"Yeah, it's Bud. No, I don't give a fuck about how it tastes. Piss off."
"All right, I drink more than you
I party harder than you do
And my car's faster than yours too"
She likes sports, beer, cars, swearing, fighting and sex. She is crude, rude, often hygienically challenged and cheerfully ignorant and aggressive. If you are a guy, she'll probably challenge you to a fight or a drinking competition, win both and then take an aggressive lead in anything sexual that happens, before kicking you out the front door the following morning or teasing you mercilessly if she lets you stay some more.
In short, she is a young woman with the personality of a frat boy. She is the Lad-ette.
Despite (or perhaps because of) their masculine personalities, Lad-ettes are generally heavily sexualised and are not likely to let any males in the company forget they are female. They usually disdain the hassle of highly elaborately feminine clothing/hair/makeup, but don't often dress in a truly cross-dressing way; Tank-Top Tomboy
is a common Lad-ette style. They are also generally attractive; a genuinely ugly
Lad-ette is very unusual. Male characters may well be sexually interested in Lad-ettes for various reasons, whether it's appreciation of their masculine personality and interests, because they don't disapprove of laddish behaviour, because Lad-ettes have lower body modesty and a more practical attitude than more "ladylike" women and hence show more skin, or simply because of their assumed willingness to engage in casual sex. In turn, a Lad-ette can be utterly shameless in exploiting male sexual interest for her own personal advantage.
Sometimes, this woman's personality is explained by her having grown up with brothers
or been raised as a boy
Also note that The Lad-ette in fiction not uncommonly winds up dropping her lifestyle in favour of something more conventional
. It is difficult to tell whether this is Truth in Television
or not, given how relatively recent the character type is, but there is probably at least an element of wishful thinking at play.
Compare and contrast with other tropes about women who look/behave in a traditionally "masculine" way: the Tomboy
(she might have been one when young); Bifauxnen
(where the girl can effectively pass as a male - though ironically while lacking most of the 'masculine' behaviour of the Ladette); Pirate Girl
; and her grandmother, who shares some of her mannerisms and points of view, but retains a more feminine image: The Flapper
. Also compare the Butch Lesbian
, with which this trope may or may not overlap. If that hot girl is acting like a guy because she's not 100% girl, it's a case of Everybody Wants the Hermaphrodite
. Sometimes, especially in anime and manga, one of these gets teamed up with a more-refined masculine-acting character
Also compare her female drinking mates, the Hard-Drinking Party Girl
and the Lady Drunk
. And, for the ideologies for and against her, see Girls Need Role Models
, Real Women Don't Wear Dresses
and Vasquez Always Dies
. The Squadette
may also be a Lad-ette, but it's not a job requirement.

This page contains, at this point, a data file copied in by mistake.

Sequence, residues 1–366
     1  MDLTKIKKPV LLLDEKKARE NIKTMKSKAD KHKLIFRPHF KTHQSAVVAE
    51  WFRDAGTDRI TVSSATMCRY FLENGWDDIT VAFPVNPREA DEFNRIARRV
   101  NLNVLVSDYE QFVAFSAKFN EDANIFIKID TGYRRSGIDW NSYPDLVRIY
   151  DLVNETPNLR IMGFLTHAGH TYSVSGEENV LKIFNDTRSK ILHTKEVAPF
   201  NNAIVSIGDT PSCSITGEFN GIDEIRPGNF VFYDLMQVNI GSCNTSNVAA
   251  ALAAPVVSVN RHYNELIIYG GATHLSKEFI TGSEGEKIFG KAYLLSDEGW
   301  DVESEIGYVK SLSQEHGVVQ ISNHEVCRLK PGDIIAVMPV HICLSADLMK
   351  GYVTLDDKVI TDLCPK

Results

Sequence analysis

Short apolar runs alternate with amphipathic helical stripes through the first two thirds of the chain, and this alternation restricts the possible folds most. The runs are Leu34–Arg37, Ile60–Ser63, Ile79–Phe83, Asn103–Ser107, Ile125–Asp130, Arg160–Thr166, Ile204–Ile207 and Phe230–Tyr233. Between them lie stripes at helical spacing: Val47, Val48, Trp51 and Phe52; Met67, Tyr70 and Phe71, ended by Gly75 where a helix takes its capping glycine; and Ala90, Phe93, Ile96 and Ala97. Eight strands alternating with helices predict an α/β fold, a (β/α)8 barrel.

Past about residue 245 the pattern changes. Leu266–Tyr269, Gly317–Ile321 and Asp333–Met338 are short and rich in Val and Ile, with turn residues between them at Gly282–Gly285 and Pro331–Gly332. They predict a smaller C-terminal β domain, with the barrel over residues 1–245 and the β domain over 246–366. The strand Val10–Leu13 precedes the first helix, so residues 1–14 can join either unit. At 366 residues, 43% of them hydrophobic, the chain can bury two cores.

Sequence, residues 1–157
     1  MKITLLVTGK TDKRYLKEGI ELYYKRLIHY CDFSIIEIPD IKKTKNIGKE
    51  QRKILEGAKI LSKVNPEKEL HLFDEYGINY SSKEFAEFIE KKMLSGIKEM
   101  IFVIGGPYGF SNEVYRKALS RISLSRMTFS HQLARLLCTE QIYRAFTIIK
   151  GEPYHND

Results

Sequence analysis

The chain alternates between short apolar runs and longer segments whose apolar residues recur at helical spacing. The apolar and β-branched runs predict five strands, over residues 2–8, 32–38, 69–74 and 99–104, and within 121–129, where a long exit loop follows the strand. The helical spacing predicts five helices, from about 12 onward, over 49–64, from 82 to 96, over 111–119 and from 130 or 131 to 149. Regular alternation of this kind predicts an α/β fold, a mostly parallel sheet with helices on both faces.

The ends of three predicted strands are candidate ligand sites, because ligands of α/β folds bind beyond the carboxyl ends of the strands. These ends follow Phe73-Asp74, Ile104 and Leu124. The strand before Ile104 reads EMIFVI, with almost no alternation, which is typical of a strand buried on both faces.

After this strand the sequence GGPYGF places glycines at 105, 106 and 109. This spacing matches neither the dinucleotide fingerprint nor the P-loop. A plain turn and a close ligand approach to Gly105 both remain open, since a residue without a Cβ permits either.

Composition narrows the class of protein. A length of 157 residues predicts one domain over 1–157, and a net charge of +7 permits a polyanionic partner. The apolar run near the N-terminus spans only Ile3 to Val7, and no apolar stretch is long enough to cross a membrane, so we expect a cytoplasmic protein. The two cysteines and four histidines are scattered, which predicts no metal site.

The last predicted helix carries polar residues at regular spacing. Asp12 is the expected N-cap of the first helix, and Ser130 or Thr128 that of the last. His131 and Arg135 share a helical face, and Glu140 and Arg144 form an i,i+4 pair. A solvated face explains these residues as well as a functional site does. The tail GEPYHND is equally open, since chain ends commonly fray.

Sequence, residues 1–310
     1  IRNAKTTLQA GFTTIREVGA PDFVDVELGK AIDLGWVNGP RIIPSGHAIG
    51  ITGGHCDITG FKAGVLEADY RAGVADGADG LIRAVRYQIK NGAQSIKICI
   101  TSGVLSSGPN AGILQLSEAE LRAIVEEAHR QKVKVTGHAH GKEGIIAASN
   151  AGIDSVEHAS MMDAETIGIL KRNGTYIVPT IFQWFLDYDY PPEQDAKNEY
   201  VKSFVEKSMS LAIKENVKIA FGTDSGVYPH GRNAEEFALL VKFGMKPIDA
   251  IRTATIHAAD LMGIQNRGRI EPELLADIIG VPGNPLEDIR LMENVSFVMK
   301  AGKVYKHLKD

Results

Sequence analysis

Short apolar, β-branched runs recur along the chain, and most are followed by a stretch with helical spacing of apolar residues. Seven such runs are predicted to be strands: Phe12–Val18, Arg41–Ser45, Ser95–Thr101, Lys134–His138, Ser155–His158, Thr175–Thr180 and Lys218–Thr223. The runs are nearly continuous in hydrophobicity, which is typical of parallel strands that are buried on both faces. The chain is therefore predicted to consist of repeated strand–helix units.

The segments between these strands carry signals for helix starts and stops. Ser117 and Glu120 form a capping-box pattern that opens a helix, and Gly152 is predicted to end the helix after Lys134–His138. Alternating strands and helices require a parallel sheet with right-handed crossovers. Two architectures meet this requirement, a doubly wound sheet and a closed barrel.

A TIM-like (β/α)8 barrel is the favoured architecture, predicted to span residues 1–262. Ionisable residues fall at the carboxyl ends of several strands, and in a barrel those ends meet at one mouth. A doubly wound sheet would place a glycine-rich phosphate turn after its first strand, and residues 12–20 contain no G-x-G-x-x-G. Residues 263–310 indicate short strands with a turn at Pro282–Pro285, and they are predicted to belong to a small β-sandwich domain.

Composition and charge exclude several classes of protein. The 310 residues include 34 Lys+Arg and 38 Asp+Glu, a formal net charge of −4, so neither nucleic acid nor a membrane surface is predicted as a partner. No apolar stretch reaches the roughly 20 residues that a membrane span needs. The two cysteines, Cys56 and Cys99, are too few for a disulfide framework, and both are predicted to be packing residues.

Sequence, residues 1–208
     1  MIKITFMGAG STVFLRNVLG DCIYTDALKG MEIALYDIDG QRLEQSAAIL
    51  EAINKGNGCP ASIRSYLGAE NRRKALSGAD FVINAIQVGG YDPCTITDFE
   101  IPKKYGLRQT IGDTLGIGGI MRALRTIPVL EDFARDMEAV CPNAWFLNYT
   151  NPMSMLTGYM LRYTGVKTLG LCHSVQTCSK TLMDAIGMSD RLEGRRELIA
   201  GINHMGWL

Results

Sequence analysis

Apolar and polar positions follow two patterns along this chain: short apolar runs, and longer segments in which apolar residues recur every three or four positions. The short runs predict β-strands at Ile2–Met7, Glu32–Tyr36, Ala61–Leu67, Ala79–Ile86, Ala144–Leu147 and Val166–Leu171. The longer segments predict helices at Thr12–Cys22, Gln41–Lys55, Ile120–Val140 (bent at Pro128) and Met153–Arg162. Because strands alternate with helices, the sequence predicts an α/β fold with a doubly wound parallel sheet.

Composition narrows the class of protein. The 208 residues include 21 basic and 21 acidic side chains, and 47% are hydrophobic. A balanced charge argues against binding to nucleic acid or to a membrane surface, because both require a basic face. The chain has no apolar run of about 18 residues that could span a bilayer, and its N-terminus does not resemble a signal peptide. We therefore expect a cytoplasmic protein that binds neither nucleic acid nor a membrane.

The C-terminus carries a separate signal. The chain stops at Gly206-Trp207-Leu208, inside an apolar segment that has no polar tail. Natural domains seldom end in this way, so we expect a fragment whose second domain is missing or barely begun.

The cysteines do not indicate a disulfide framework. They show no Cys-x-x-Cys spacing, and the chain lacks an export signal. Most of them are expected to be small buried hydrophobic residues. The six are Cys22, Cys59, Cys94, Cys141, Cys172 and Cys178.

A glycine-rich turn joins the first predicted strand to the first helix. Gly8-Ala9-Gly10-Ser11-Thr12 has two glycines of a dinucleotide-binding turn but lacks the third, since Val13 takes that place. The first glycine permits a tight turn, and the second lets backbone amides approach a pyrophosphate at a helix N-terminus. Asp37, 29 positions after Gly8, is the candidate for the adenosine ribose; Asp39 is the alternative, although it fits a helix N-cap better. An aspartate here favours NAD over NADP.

A Gender Bender
plot (especially via a "Freaky Friday" Flip
) can often result in a girl with a literal
masculine personality who acts much like a Lad-ette.
Contrast with Yamato Nadeshiko
and Proper Lady
; two ideals of feminine beauty (Eastern Asia and Western Europe, respectively.) Also contrast with the Iron Lady
, a similarly masculine woman with a very different personality.
Due to the "frat boy in a girl's body" nature of this trope, the Lad-ette is the most likely to be a female Gasshole
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- The star of this beer commercial.
- The main character of this commercial.
Anime and Manga
- Lois Lane from Superman may be the original example in comic books. While she certainly doesn't mind wearing an elegant dress to a formal occasion every now and then, whenever she is seen lounging at home, it's often in tomboy-ish attire or sometimes in Clark Kent's old high school football jersey. And whether she's at home or out in Metropolis, Lois unabashedly loves a good pizza, a good beer, and keeping up with sports scores. Oh, and she knows how to brawl and can fight off most (non-superpowered) attackers, thanks to growing up in a military family.
- Depending on the Writer and the era. She was always a bold working woman willing to get into dangerous situations but especially during the Silver Age and a good portion of the Bronze Age, she was much more traditionally feminine than she is now.
- Agency X Outlaw.
- The Authority's Jenny Sparks: chain-smokes, drinks like a fish, has lots of casual sex, kicks a lot of ass, yells and takes charge a lot.
- Battle Chasers: Red Monika is a tall, leggy, cartoonishly well-endowed, beer-drinkin', hard-livin' air pirate. "Sexy" doesn't begin to describe her.
- Birds of Prey: Lady Blackhawk, resident pilot. She knows how to order beer in 30 different languages.
- And from the 2011 relaunch, Starling aka Ev Crawford is a tattooed, gun-toting woman with an implied shady past.
- Hack/Slash: Cassie. Although she constantly looks like a stripper, she's tough, cold, and quite prone to delivering a Cluster F-Bomb.